That's the conclusion of an increasing number of social scientists. Religion has long held that forgiveness is an important component of a fruitful life. A recent Christianity Today article outlined secular research that also supports its personal and societal benefits.
Thirty years ago, Kansas psychologist Dr. Glenn Mack Harndon searched in vain to find studies on forgiveness in the academic digest Psychological Abstracts. Today there exist an International Forgiveness Institute and a ten-million-dollar "Campaign for Forgiveness Research" (Jimmy Carter and Desmond Tutu are among the ringleaders). The John Templeton Foundation awards grants in the field.
Harndon says forgiveness "releases the offender from prolonged anger, rage and stress that have been linked to physiological problems, such as cardiovascular diseases, high blood pressure, hypertension, cancer and other psychosomatic illnesses."
He's big on this theme. When I ran into him in Washington, DC, recently, he spoke enthusiastically about attending an international gathering in Jordan that saw forgiveness between traditional individual enemies like Northern Irish and Irish Republicans, Israelis and Palestinians.
University of Wisconsin psychologist Robert Enright and his colleagues discovered that "forgiveness education" may have helped college students who felt their parental love reservoirs were low to develop "improved psychological health." Self-esteem and hope increased while anxiety decreased.
Daily life brings many sources of conflict: spouses, parents, children, employers, former employers, bullies, enemies, racial and ethnic bigots. If offense leads to resentment and resentment grows to bitterness, then anger, explosion and violence can result. If parties forgive each other, then healing, reconciliation and restoration can follow.
I shall always remember Norton and Bo. Norton, an African-American, was bitter toward whites. Bo, who was white, called himself a "Christian" but seemed a hypocrite for his disdain for blacks. One day in an Atlanta civil rights event in the late 1960s, Bo and his buddies assaulted Norton by clobbering him with sandbags. Animosity ran deep.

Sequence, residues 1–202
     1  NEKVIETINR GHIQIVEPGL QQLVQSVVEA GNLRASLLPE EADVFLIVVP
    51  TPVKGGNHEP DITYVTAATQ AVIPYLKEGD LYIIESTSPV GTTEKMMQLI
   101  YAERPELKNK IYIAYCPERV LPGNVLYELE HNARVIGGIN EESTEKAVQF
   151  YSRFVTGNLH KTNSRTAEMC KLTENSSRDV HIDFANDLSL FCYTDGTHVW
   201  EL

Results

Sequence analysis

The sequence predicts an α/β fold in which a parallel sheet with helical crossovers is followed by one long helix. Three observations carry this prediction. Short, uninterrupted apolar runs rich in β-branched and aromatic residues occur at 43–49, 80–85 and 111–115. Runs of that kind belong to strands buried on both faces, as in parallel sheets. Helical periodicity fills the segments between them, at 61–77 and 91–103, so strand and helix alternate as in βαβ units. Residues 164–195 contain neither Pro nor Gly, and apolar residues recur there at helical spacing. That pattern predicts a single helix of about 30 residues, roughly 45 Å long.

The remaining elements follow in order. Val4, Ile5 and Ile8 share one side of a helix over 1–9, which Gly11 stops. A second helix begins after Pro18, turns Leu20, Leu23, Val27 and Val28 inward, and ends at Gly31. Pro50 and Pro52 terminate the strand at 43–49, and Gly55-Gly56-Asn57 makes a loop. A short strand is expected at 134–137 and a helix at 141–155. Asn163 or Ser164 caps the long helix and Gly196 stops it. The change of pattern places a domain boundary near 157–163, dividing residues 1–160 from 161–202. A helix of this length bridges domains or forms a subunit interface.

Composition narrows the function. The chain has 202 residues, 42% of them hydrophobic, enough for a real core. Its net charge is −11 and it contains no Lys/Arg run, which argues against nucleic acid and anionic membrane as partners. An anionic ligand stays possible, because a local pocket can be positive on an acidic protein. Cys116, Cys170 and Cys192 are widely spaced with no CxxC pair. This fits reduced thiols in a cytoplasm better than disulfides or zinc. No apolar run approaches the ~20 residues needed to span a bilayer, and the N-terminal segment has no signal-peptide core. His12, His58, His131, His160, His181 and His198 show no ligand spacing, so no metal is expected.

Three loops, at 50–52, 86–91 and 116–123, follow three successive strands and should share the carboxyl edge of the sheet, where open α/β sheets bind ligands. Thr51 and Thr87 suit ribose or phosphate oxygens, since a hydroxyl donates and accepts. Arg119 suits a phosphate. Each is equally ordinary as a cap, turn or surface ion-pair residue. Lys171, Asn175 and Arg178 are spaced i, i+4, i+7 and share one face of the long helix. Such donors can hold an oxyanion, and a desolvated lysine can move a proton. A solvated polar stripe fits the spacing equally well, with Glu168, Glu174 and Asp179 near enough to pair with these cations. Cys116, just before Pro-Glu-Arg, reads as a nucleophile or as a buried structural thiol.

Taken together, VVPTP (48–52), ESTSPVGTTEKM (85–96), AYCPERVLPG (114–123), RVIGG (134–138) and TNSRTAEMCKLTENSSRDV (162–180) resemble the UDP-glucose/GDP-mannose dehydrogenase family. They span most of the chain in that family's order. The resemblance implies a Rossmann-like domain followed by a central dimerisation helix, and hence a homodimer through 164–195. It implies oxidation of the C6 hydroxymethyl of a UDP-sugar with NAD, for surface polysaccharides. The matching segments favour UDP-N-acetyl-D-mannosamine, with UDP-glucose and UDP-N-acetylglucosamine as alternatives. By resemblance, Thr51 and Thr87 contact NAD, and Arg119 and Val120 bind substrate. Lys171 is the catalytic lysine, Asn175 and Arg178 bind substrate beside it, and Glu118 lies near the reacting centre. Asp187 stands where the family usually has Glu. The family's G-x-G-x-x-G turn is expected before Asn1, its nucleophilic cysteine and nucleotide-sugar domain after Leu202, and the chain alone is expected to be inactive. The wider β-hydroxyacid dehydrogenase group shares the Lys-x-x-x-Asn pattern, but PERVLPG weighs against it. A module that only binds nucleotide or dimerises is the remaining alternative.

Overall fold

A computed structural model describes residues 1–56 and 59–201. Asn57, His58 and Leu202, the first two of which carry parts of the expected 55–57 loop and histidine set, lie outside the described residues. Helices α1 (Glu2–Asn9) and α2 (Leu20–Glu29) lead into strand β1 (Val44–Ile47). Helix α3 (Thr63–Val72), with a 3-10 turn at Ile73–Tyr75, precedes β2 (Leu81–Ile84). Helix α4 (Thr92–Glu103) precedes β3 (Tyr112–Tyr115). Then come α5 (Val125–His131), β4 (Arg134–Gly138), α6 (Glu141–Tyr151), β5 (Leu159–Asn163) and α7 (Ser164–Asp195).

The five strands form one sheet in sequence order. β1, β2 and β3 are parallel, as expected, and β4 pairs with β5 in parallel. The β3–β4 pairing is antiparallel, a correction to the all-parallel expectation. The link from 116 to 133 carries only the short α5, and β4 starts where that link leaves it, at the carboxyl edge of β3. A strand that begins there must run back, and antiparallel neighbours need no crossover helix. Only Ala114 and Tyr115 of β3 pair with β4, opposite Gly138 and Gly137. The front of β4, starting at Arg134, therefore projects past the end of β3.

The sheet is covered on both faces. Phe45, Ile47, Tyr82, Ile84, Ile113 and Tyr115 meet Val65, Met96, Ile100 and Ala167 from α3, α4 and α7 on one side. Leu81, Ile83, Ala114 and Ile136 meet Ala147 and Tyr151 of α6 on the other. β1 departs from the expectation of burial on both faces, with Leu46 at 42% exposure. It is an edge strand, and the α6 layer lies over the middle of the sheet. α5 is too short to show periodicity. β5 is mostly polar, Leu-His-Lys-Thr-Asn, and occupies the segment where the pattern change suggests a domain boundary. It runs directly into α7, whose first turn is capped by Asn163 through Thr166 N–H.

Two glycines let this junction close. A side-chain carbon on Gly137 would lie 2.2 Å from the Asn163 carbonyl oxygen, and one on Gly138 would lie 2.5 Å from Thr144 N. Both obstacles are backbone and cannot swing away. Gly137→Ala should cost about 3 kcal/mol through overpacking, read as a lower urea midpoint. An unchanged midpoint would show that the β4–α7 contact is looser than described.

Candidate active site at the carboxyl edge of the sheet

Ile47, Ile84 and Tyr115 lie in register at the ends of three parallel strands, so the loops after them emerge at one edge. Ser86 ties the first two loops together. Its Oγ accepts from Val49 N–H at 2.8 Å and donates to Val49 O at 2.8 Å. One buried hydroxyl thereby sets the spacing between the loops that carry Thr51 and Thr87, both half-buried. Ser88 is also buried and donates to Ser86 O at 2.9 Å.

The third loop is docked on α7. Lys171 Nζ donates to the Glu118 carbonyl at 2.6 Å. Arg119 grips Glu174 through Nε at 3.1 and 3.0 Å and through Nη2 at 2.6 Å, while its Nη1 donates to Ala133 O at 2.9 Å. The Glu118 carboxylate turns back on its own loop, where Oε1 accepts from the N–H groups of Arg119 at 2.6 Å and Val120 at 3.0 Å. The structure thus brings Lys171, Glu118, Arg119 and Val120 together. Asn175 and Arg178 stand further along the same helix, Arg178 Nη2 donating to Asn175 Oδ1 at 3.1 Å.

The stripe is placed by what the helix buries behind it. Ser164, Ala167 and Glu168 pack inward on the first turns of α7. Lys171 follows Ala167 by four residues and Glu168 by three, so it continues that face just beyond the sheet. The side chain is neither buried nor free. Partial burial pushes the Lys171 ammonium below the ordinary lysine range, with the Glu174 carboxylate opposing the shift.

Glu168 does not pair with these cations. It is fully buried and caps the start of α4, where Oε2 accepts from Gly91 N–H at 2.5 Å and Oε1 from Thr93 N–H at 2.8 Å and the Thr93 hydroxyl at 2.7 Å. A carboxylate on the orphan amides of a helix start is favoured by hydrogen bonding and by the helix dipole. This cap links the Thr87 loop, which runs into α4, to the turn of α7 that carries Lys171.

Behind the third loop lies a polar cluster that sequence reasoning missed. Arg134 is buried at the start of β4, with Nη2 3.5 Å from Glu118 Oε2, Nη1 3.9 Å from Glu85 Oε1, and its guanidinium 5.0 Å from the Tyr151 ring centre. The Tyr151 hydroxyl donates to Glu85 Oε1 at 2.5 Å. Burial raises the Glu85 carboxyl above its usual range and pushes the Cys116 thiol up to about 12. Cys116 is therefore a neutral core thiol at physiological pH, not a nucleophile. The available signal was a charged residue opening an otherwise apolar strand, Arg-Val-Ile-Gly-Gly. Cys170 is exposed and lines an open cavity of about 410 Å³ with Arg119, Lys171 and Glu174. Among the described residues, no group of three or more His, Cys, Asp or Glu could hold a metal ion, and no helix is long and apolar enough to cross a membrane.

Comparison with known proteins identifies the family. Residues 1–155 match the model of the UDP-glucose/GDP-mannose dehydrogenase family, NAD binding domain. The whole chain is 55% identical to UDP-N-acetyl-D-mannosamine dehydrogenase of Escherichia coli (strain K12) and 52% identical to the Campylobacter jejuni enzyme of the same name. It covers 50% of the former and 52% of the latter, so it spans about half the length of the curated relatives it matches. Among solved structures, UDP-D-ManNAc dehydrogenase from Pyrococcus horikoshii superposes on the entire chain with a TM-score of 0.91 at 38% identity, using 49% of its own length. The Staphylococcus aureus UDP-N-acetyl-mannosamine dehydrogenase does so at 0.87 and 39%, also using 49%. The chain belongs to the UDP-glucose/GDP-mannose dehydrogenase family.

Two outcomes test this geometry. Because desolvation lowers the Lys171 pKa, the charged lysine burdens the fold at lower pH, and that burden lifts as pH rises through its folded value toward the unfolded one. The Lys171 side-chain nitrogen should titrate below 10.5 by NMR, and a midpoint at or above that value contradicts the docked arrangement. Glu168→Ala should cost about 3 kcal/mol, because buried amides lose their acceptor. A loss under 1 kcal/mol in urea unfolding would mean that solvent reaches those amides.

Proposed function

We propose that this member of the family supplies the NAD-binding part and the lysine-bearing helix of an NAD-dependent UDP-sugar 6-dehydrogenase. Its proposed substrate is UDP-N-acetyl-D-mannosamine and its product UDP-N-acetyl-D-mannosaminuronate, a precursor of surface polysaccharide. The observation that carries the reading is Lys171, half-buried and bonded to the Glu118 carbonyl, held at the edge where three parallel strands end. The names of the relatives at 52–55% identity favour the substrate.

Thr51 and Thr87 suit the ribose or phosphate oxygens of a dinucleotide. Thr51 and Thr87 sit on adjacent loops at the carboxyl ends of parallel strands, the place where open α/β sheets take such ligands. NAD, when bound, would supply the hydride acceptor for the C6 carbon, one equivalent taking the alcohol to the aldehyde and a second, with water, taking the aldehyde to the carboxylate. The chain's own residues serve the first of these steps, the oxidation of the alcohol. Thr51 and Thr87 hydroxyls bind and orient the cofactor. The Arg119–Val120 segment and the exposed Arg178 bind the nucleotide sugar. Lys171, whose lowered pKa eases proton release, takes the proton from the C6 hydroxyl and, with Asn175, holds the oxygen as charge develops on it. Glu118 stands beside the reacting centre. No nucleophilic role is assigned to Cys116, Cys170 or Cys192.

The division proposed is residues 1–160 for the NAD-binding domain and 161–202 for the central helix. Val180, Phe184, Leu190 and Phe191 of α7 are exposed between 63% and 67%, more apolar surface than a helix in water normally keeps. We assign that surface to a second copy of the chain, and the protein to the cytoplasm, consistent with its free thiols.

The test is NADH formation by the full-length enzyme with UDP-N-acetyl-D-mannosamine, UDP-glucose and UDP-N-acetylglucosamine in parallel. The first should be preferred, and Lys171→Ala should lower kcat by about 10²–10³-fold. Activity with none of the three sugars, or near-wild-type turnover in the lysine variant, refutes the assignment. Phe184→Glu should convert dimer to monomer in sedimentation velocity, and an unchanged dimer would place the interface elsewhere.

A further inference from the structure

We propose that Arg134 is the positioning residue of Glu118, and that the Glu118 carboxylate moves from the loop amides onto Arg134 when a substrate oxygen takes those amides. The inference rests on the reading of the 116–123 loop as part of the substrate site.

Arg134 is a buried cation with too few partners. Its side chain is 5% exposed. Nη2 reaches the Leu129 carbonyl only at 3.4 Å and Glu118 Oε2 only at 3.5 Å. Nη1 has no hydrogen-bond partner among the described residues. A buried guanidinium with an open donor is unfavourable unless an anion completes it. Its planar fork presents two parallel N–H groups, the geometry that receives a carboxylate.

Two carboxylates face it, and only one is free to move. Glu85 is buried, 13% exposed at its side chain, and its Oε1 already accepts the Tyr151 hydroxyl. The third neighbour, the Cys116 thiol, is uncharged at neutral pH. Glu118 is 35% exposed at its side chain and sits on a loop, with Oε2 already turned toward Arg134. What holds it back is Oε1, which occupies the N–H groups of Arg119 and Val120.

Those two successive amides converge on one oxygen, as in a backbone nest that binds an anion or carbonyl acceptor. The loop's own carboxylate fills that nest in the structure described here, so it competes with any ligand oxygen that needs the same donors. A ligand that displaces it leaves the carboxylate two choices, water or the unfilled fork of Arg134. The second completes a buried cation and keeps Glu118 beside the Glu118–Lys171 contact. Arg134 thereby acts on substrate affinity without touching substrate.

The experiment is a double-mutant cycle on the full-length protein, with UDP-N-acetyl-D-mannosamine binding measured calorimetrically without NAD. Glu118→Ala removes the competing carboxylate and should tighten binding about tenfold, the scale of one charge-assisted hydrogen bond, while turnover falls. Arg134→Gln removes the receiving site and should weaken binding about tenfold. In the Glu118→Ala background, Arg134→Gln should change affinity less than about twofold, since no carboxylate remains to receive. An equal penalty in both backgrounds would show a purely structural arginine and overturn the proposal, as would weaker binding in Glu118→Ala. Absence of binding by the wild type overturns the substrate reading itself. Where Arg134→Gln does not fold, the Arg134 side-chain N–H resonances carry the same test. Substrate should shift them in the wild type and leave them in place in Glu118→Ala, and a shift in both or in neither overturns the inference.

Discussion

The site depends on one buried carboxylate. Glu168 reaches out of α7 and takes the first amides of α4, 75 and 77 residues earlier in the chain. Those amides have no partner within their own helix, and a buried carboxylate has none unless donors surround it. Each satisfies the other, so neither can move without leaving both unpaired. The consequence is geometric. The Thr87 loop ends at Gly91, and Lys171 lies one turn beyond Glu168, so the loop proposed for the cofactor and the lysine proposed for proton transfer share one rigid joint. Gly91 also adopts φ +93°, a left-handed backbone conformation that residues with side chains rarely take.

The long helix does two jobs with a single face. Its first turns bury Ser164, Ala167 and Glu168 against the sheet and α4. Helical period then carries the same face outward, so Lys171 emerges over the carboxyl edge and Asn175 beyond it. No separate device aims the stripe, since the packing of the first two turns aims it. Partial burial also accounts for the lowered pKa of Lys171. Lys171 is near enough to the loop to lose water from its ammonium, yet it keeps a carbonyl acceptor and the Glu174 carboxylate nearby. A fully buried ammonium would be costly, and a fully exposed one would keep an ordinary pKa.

Several months later, my roommate spoke with Norton about faith and knowing God personally. Norton placed his faith in Jesus and believed he was forgiven. He experienced what Paul, a first-century believer, described in the New Testament: "...Those who become Christians become new persons. They are not the same anymore, for the old life is gone. A new life has begun!"
Meanwhile, Bo began to realize his hypocrisy and placed God back in the "drivers seat" of his life. Three years after the assault, Nort and Bo unsuspectingly encountered each other at a conference on the Georgia coast. Initial tension melted into transparency and forgiveness. By week's end they were publicly expressing their love for each other as brothers.
Earlier this year, Nobel Peace laureate Elie Wiesel sang Germany's praises for observing remembrance for Holocaust victims. But he urged the German parliament to go farther, to seek forgiveness for the Third Reich's behavior. "We desperately want to have hope for the new century," he declared. Recently German President Johannes Rau asked the Israeli Knesset for forgiveness for the Holocaust and pledged to fight anti-Semitism in Europe.
Forgiveness can be contagious. It can make an important difference in families, neighborhoods, workplaces and nations. A good relationship takes two good forgivers.